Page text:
An hour later I was up wandering aimlessly through the kitchen in my pajamas. I couldn’t stand myself any longer and, in a state of utter hopelessness, started another despairing day of binging and purging.

Later that night as I lay helplessly in a fetal position on my bedroom floor. I thought, “I can’t go on like this.” But I had no idea how to change it. Alone, I abandoned all hope. I fell asleep on the floor, and awoke, engulfed by a tsunami of self-­pity. Dried tears covered my unshaven face.

What could possibly drive an intelligent, successful businessman into a hopeless, depressed ball on his bedroom floor? On the outside, everything about my life appeared to be prospering. On the inside I was emotionally and spiritually bankrupt. I was in such unbearable pain – both mentally and physically – that I couldn’t imagine that anything would ever change. I didn’t want to live, and I didn't want to die. My tortured heart was consumed with depression and despairing anguish.

Not long after that Sunday, through a series of miraculous experiences, I was led out of that darkness and into the sunlight of recovery in this program.

I stand here now and see the difference these years in recovery have made. This morning I was up at five am, had a shower and quiet time, read the 24 Hours A Day Book, and got myself ready to do something useful in the world. When I stand here, my tormented and addicted past behind me, I feel a presence. I feel a fullness that comes from being a part of something -­ being connected – something that I sought aimlessly for in food for decades. Food never gave me what I have here. I was stuffed, but I was never full. It is in these rooms that I have learned what enough actually feels like.

Last year, I spoke to one of our members shortly after the business convention. She told me that it was her first convention, and how wonderful it was to see how her small group fit into a larger FA world. She was so grateful to understand the real meaning of terms such as WSB and WSI and WAI and EAI and Chapters, and where our 7th Tradition money goes. She was amazed by all the work that is done in this organization. She then shared that the night she came home from that convention, page 368 was the page in the Big Book that she read:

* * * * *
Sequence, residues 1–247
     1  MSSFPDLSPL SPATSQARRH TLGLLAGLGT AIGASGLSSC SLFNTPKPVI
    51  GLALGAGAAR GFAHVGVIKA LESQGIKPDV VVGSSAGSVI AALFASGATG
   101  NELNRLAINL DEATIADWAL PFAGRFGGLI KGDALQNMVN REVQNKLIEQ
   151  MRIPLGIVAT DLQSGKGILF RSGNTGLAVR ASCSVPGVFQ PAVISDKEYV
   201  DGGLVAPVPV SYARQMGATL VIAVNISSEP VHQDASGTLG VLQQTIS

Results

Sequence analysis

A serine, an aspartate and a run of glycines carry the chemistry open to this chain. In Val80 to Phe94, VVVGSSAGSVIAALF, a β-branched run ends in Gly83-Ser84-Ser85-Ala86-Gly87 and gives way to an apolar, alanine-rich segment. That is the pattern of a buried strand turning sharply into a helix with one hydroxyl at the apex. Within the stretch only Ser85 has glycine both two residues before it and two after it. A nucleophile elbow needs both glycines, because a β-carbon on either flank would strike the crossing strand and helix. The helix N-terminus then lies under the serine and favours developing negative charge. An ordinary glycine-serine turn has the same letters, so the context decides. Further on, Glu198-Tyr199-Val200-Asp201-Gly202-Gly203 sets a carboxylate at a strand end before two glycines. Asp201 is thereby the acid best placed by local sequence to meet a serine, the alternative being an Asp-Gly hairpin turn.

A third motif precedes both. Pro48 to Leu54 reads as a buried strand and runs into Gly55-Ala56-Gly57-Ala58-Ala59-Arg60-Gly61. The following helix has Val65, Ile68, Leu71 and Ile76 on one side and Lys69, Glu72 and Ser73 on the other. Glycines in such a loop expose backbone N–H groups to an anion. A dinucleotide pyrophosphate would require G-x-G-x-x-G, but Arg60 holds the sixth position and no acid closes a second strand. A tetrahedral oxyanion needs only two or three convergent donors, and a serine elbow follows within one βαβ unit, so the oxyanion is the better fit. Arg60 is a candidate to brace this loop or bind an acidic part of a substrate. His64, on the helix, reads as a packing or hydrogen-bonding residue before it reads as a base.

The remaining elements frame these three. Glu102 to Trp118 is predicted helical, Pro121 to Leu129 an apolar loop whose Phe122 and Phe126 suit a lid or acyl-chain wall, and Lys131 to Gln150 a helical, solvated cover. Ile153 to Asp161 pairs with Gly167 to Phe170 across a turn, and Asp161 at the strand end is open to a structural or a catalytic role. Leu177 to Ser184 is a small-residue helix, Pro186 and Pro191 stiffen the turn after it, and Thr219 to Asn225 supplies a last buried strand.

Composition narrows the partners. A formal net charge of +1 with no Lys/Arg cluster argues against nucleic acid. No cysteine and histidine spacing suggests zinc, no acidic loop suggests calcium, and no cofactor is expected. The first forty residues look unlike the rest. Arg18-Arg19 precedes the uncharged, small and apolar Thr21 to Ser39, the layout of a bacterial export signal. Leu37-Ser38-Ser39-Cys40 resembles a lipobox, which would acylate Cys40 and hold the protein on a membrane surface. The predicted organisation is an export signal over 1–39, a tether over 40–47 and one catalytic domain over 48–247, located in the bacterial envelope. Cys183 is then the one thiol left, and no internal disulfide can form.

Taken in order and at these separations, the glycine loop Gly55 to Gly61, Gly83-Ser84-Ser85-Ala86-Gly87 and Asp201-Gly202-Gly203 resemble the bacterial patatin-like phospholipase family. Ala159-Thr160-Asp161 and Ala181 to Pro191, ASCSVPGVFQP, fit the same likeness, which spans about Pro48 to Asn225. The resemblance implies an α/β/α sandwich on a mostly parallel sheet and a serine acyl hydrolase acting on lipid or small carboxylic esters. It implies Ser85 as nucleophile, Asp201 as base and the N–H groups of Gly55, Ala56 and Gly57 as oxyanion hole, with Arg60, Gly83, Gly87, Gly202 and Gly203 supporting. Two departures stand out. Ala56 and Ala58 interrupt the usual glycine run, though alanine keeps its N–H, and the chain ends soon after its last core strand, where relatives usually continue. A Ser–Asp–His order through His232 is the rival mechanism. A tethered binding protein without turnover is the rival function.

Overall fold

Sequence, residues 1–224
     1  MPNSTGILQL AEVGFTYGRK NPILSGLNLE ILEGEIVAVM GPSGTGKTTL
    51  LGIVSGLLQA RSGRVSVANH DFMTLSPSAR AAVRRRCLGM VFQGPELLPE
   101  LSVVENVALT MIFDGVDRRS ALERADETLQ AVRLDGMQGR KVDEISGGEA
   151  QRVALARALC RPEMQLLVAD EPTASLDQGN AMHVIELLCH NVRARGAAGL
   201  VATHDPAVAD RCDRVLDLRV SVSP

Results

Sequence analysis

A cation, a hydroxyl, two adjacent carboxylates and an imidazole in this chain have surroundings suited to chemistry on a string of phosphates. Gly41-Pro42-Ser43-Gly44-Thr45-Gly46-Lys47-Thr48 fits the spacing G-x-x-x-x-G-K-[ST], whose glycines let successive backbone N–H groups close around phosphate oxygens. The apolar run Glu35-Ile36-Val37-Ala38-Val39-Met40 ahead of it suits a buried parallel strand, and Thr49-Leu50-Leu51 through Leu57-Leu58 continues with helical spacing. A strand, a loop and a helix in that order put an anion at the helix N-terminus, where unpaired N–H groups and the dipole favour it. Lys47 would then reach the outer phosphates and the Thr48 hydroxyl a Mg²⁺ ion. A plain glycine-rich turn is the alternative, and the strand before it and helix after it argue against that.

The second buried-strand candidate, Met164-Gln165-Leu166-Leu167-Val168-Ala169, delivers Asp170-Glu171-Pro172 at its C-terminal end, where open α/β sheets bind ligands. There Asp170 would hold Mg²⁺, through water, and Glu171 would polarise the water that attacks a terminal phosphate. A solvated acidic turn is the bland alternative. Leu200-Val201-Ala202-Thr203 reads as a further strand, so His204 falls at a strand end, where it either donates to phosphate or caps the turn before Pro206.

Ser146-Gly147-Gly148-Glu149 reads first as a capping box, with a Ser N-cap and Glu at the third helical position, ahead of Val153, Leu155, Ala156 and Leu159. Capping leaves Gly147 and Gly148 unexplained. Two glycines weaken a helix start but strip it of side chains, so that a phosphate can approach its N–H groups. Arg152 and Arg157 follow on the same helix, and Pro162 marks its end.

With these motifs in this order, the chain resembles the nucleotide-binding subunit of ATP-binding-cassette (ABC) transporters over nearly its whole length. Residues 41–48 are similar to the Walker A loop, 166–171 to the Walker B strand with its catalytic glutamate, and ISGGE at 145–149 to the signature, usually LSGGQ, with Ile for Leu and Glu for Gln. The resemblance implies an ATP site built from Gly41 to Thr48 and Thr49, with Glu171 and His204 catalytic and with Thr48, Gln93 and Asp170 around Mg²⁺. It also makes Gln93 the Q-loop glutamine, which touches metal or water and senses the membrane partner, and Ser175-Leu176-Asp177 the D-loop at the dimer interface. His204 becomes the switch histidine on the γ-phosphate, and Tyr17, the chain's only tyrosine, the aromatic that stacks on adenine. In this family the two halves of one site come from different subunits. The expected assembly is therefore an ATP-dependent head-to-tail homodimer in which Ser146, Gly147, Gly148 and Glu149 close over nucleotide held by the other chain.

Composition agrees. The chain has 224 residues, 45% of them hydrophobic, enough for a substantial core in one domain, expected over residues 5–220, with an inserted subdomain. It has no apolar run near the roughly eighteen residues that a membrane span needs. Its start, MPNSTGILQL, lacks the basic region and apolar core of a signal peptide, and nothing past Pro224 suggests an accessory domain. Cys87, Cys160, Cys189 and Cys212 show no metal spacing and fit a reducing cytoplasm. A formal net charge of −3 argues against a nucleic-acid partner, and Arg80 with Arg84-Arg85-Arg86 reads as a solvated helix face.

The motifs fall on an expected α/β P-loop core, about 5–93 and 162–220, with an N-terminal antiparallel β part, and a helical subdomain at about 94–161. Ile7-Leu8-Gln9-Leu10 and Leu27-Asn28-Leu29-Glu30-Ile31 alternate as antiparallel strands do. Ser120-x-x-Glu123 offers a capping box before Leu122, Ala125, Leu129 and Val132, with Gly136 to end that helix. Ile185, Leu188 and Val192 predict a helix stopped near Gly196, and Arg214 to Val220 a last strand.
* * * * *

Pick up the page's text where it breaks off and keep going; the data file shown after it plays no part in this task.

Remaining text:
“I no longer have the sense of impending doom. I no longer wish for death to stare at me in the mirror with loathing. I have come to terms with my Higher Power… I have a full and happy life, with friends and loving family… I have traveled throughout the world… and I have returned to my home group with an extended family that is international in scope, all the members of which are joined by bonds of shared pain and joy.”

I recently watched a short YouTube video that showed the expression on people’s faces who had been deaf all their lives and through the miracle of technology, were given the gift of hearing. They screamed, they cried, they laughed, their eyes opened – to absolute wonderment and unexplainable, exquisite joy in having been brought out of the silent world of deafness and into the sunlight of sound.